Then the horror elements are stepped up for a mission in Transylvania, where he encounters none other than Vlad the Impaler (aka Dracula). Jurassic Park Muldoon actor Bob Peck is unrecognizable as a creepy vampire.
Ghost Train of Fate
All the thrills and fun of an Indiana Jones movie. A series of misadventures sends Indy deep into Africa, where he teams up with a group of former veterans (led by Raiders of the Lost Ark actor Belloq Paul Freeman).
First, he helps them track down the mysterious Phantom Train of Doom, causing torment for the men at the front. Then he is roped into a mission to kidnap a German colonel, but ends up in an air balloon over Africa with said colonel. It is certainly reminiscent of the films that many love.
Attack of the Hawkmen
One of the last Young Indy adventures to be produced taps into George Lucas’ love of aviation. The filmmaker is famous for putting together WWII aviation films to inspire special effects artists working on Star Wars (and later producing the film Fly Boys).
Indy finds his way into the French secret service and, inadvertently, into a dangerous assignment as an aerial photographer, followed by a top-secret spy mission in Germany. He crosses paths with the Red Baron and C-3PO actor Anthony Daniels also shows up.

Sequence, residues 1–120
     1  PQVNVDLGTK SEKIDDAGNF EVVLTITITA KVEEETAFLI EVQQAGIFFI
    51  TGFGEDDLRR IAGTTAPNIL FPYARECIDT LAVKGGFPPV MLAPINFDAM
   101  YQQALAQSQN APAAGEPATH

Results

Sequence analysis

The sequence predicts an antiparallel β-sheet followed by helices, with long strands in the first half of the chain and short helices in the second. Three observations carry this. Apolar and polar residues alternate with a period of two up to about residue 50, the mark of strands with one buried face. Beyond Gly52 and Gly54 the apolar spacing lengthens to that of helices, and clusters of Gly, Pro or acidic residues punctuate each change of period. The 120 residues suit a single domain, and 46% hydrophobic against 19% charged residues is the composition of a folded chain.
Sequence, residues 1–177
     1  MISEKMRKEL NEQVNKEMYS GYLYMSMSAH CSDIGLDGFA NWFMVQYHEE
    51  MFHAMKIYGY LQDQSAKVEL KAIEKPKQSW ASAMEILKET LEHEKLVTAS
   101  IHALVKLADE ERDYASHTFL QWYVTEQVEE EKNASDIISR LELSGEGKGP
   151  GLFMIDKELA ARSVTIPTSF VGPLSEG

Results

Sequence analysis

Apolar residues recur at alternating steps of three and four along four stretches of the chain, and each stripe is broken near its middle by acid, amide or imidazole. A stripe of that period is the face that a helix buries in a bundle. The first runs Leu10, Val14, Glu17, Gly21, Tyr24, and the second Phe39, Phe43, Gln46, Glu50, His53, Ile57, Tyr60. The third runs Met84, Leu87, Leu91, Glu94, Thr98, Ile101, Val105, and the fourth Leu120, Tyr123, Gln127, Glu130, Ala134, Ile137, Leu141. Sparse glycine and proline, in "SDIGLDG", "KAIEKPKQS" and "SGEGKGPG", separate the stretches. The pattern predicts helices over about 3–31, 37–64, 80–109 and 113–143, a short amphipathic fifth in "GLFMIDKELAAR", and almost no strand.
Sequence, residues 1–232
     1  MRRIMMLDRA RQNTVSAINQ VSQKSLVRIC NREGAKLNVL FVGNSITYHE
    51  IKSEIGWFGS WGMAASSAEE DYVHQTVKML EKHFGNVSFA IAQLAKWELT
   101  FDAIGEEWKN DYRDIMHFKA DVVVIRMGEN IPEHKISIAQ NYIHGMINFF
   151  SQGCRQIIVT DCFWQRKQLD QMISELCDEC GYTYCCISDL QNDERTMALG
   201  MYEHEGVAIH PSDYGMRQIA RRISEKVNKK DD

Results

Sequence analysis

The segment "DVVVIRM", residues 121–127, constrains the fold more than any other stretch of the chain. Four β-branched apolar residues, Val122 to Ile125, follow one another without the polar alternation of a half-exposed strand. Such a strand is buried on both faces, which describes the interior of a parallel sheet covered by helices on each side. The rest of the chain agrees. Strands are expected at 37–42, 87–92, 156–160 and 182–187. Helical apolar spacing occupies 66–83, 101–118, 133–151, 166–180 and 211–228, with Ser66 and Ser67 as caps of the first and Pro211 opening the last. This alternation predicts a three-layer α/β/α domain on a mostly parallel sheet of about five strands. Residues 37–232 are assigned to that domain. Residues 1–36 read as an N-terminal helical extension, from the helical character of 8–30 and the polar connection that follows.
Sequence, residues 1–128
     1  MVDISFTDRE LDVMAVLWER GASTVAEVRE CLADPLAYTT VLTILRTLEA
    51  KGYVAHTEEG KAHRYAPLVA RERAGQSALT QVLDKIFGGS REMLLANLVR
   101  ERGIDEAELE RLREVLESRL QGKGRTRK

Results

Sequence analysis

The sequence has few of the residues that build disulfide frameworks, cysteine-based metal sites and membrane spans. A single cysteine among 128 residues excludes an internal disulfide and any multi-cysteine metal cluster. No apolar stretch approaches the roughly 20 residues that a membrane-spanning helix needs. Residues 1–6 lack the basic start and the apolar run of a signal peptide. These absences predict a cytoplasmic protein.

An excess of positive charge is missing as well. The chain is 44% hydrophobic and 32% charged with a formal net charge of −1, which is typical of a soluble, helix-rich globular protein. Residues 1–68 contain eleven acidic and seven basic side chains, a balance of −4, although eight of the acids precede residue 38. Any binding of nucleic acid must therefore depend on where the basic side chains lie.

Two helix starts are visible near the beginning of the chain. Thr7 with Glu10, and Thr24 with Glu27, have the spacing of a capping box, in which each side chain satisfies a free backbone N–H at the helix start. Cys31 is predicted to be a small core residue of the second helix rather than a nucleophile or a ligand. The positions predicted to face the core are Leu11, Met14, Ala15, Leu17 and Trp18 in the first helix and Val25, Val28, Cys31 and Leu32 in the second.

Peacock’s Eye Treasure
As the curtain falls on World War I, a dying man’s last words send Indy on a quest to find Alexander the Great’s Peacock’s Eye Diamond. The journey takes him through Egypt, India, and the South Pacific as he battles treasure hunters and pirates.
This scavenger hunt film is one of the closest in feel to an Indiana Jones movie, so much so that it was included in the 1999 home video release of the trilogy. The Peacock’s Eye is the same diamond Indy trades in the opening scene of cursed temple.
Mystery of the Blues
During a break in filming The fugitive, Harrison Ford returned as Indiana Jones for the only time outside of the main films. Although it only gets a few minutes of screentime during the film’s bookends, it’s certainly a treat for an Indiana Jones fan.
The central part of the film takes place in 1920 Chicago, where Indy learns to play the Blues from Sidney Bechet and Louis Armstrong. He then teamed up with Ernest Hemmingway and future Untouchables Chief Elliot Ness to solve a murder committed by Al Capone.
Curse of the Jackal
The two-part debut episode of the Young Indiana Jones Chronicles set the bar for everything that followed. Unfortunately Curse of the Jackal was not included in the subsequent home video series (instead it is split into parts of 2 separate films). However, fans have since restored it as a full adventure.
As Indiana Jones and the Last Crusade, it featured Indy chasing an artifact at two different points in his life. First, eight-year-old Indy travels to Egypt on his first archaeological expedition, where he crosses paths with a mummy. An ornamental jackal’s head is lifted from the grave, which 16-year-old Indy eventually recaptures fighting alongside revolutionary figure, Pancho Villa.
NEXT: 10 Great Indiana Jones Comics While You Wait For Indy 5